They Came to Baghdad by Agatha Christie. Should have stayed home.

They Came to Baghdad

Read December 2014
Recommended for Christie completionists, fans of the 1950s
 ★    ★    1/2


Agatha Christie does thrillers.

Or not, depending on your point of view.

This one might work as a movie (I’m disinclined to find out, but if you are interested, here, but fails to impress as a book.

Victoria Jones has been fired from her typist position. As she sits in a courtyard, eating her lunch, she’s politely approached by a diffident young man, Edward, who strikes up a conversation. In America, Miss Anna Scheele, personal secretary to the head of a firm of international bankers, informs her employer she must leave on vacation to care for her sick sister in England. In the Iraqi countryside, Carmichael is trying to sneak back into Baghdad in time for a major world powers meeting with proof of a certain conspiracy. Mr. Dakin, the local Baghdad covert agent is charged with ensuring security for the meeting, and is hoping to preserve international peace. Richard Baker is an archeologist fanatic traveling to Dr. Pauncefoot Jones’ dig in the Iraqi countryside. When Victoria decides she is in love with Edward, she takes a position with a couple traveling to Baghdad. Separate plot lines build and come together in a dramatic finish.

One of the ways Christie excels is in capturing the minutia of the small town life, the details that instantly identify a character, making them resonate in the imagination. In Baghdad, there’s a full cast, but no one but Victoria Jones really gets the attention they deserve, and once introduced, they tend to fall out of the action, only to appear significantly later. As a non-thriller reader, I find I’m not particularly impressed by megalomania as character motivation.

Mostly, I blame the lack of world-building. Baghdad of the 1950s was an entirely different city from Baghdad of 2014. Its one of those books that was probably perfect for the decade is was published in, but works significantly less well for current times. I needed more atmosphere. I had the vaguest sense of place, most likely pulled from old memories.  In my case, Christie’s 1950s Baghdad felt a lot like Elizabeth Peters’ Egypt in 1880, which most likely reflects time spent reading the Amelia Peabody series.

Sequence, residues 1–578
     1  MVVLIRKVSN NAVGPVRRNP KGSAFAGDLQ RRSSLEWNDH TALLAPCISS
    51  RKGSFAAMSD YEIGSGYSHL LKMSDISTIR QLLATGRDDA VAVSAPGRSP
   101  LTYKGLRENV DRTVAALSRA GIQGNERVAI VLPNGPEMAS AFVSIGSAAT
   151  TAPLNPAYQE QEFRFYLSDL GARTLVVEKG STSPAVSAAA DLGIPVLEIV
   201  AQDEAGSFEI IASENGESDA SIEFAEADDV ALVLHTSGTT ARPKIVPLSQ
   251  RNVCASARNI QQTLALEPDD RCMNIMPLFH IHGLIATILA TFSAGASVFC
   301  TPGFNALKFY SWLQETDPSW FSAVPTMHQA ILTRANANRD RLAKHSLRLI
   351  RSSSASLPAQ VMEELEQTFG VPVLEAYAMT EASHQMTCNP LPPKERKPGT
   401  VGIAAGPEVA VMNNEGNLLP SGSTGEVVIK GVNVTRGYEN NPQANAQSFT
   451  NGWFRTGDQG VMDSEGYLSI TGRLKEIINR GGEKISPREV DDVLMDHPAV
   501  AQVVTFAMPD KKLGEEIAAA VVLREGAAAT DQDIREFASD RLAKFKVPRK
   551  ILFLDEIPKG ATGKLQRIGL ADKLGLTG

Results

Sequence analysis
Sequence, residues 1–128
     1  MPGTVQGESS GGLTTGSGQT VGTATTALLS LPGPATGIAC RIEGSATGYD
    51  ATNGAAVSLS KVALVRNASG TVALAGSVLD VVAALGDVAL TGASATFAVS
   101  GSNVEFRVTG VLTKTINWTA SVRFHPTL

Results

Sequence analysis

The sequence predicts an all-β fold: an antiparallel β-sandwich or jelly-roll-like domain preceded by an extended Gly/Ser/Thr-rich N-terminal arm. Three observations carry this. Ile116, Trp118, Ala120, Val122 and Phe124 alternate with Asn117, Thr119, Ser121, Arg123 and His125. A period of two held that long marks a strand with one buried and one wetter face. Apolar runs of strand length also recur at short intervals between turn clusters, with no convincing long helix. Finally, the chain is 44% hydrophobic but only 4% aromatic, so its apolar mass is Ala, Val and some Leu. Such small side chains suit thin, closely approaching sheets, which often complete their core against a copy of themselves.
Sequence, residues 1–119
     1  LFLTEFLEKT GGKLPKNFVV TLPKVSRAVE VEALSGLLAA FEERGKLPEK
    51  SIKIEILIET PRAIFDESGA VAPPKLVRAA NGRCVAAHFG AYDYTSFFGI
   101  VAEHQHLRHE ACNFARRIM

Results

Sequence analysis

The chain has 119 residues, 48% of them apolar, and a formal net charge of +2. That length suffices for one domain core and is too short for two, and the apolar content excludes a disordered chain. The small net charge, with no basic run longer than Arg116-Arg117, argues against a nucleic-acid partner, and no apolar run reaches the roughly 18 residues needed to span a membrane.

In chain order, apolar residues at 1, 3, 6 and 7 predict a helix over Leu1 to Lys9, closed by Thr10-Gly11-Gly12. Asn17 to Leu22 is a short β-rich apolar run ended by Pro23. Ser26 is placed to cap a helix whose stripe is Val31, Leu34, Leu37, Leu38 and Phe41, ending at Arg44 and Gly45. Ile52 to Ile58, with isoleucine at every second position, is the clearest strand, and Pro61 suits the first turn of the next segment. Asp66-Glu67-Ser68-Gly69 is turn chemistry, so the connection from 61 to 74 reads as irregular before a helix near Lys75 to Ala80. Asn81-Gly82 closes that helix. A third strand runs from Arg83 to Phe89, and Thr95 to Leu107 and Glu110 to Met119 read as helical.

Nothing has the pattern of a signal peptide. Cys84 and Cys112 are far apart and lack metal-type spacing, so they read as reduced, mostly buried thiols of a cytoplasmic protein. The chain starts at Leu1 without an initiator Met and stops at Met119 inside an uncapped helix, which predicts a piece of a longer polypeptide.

Baghdad, 1950

Baghdad 1950


Baghdad, 2014

An Iraqi policeman and civilians inspect the site of a bomb attack in the Jihad district in Baghdad, Saturday, July 19, 2014. From

Baghdad 2014 library

The library after bombing/fire and water damage.

So many coincidences in this plot! The government recruiting a naif based on her spunky attitude and ability to lie convincingly? She was charming, no doubt, but it played like a Cary Grant script, not a thriller. Overall, I don’t regret the time, but it wasn’t a great example of Christie’s capabilities. I prefer her Marple and Poirot series. It’s passable, but I recommend it for fans of thrillers and Christie completionists.




About thebookgator

avid reader and Goodreads reviewer looking for a home.
This entry was posted in Book reviews, Mystery and tagged , . Bookmark the permalink.